Transcription

Dell OptiPlex 5060 MicroService ManualRegulatory Model: D02TRegulatory Type: D02T001September 2021Rev. A01

Notes, cautions, and warningsNOTE: A NOTE indicates important information that helps you make better use of your product.CAUTION: A CAUTION indicates either potential damage to hardware or loss of data and tells you how to avoidthe problem.WARNING: A WARNING indicates a potential for property damage, personal injury, or death. 2017-2021 Dell Inc. or its subsidiaries. All rights reserved. Dell, EMC, and other trademarks are trademarks of Dell Inc. or itssubsidiaries. Other trademarks may be trademarks of their respective owners.

ContentsChapter 1: Working on your computer. 5Safety instructions. 5Turning off your computer — Windows 10.5Before working inside your computer.6After working inside your computer.6Chapter 2: Technology and components. 7Processors. 7DDR4.7USB features. 8USB Type-C. 10HDMI 2.0. 12Advantages of DisplayPort over USB Type-C. 13Chapter 3: Removing and installing components. 14Recommended tools.14Screw size list. 14Micro motherboard layout. 15Side cover. 16Removing side cover. 16Installing side cover.17Hard drive assembly—2.5 inch.19Removing 2.5–inch hard drive assembly.19Removing the 2.5–inch drive from the drive bracket. 19Installing the 2.5 inch hard drive into the drive bracket. 20Installing 2.5–inch drive assembly.20Heat sink blower.21Removing heat sink blower. 21Installing heat sink blower. 23Speaker. 24Removing speaker. 24Installing speaker. 25Memory modules. 26Removing memory module. 26Installing memory module. 27Heat sink . 28Removing heat sink.28Installing heat sink. 29Processor. 30Removing processor. 30Installing processor. 31WLAN card.32Removing the WLAN card.32Installing the WLAN card. 33Contents3

M.2 PCIe SSD.34Removing the M.2 PCIe SSD .34Installing the M.2 PCIe SSD .35Optional module. 36Removing optional module. 36Installing optional module. 38Coin-cell battery. 39Removing coin cell battery.39Installing coin cell battery.40System board. 41Removing system board. 41Installing system board.43Chapter 4: Troubleshooting. 46Enhanced Pre-Boot System Assessment — ePSA diagnostics. 46Running the ePSA Diagnostics.46Power-Supply Unit Built-in Self-Test . 47Diagnostics. 47Diagnostic error messages. 48System error messages. 51Recovering the operating system. 52Backup media and recovery options.52Real-Time Clock (RTC Reset).52WiFi power cycle. 52Chapter 5: Getting help.54Contacting Dell. 544Contents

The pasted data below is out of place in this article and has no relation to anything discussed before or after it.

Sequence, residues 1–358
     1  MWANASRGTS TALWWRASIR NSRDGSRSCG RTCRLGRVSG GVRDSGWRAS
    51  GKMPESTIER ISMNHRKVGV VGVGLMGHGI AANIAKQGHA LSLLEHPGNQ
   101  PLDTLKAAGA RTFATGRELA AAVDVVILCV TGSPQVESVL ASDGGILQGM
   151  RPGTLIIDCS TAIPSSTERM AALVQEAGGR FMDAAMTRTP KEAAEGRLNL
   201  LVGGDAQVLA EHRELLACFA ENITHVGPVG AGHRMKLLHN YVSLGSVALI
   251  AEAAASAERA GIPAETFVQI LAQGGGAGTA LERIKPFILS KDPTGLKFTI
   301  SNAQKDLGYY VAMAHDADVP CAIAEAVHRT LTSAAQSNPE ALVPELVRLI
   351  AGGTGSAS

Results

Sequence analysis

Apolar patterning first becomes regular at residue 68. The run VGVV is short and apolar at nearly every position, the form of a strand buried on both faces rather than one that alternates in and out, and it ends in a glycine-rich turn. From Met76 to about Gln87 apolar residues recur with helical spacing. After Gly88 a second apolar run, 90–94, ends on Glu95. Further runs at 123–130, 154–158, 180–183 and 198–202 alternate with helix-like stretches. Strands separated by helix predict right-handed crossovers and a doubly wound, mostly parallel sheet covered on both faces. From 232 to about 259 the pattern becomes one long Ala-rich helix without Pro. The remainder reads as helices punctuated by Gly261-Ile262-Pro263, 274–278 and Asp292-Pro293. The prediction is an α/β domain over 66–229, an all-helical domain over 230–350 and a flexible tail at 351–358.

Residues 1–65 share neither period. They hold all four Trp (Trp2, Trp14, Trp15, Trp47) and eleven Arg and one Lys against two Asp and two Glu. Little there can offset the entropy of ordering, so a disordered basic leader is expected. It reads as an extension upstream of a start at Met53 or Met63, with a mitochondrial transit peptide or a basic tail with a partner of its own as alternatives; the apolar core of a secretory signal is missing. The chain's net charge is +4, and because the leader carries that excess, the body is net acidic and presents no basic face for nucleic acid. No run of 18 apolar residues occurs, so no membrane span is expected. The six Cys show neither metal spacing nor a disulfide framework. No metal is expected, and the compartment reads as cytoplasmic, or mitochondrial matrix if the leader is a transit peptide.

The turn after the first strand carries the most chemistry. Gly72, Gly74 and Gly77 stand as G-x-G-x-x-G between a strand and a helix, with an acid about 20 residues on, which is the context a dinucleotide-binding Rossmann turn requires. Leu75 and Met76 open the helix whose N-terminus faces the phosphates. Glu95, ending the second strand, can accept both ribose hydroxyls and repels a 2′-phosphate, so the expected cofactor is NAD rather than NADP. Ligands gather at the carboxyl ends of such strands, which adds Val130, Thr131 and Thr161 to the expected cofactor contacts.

1Working on your computerTopics: Safety instructionsTurning off your computer — Windows 10Before working inside your computerAfter working inside your computerSafety instructionsPrerequisitesUse the following safety guidelines to protect your computer from potential damage and to ensure your personal safety. Unlessotherwise noted, each procedure included in this document assumes that the following conditions exist: You have read the safety information that shipped with your computer. A component can be replaced or, if purchased separately, installed by performing the removal procedure in reverse order.About this taskNOTE: Disconnect all power sources before opening the computer cover or panels. After you finish working inside thecomputer, replace all covers, panels, and screws before connecting to the power source.NOTE: Before working inside your computer, read the safety information that shipped with your computer. For additionalsafety best practices information, see the Regulatory Compliance Homepage at www.Dell.com/regulatory complianceCAUTION: Many repairs may only be done by a certified service technician. You should only performtroubleshooting and simple repairs as authorized in your product documentation, or as directed by the online ortelephone service and support team. Damage due to servicing that is not authorized by Dell is not covered byyour warranty. Read and follow the safety instructions that came with the product.CAUTION: To avoid electrostatic discharge, ground yourself by using a wrist grounding strap or by periodicallytouching an unpainted metal surface at the same time as touching a connector on the back of the computer.CAUTION: Handle components and cards with care. Do not touch the components or contacts on a card. Hold acard by its edges or by its metal mounting bracket. Hold a component such as a processor by its edges, not byits pins.CAUTION: When you disconnect a cable, pull on its connector or on its pull-tab, not on the cable itself. Somecables have connectors with locking tabs; if you are disconnecting this type of cable, press in on the lockingtabs before you disconnect the cable. As you pull connectors apart, keep them evenly aligned to avoid bendingany connector pins. Also, before you connect a cable, ensure that both connectors are correctly oriented andaligned.NOTE: The color of your computer and certain components may appear differently than shown in this document.Turning off your computer — Windows 10About this taskCAUTION: To avoid losing data, save and close all open files and exit all open programs before you turn off yourcomputer or remove the side cover.Working on your computer5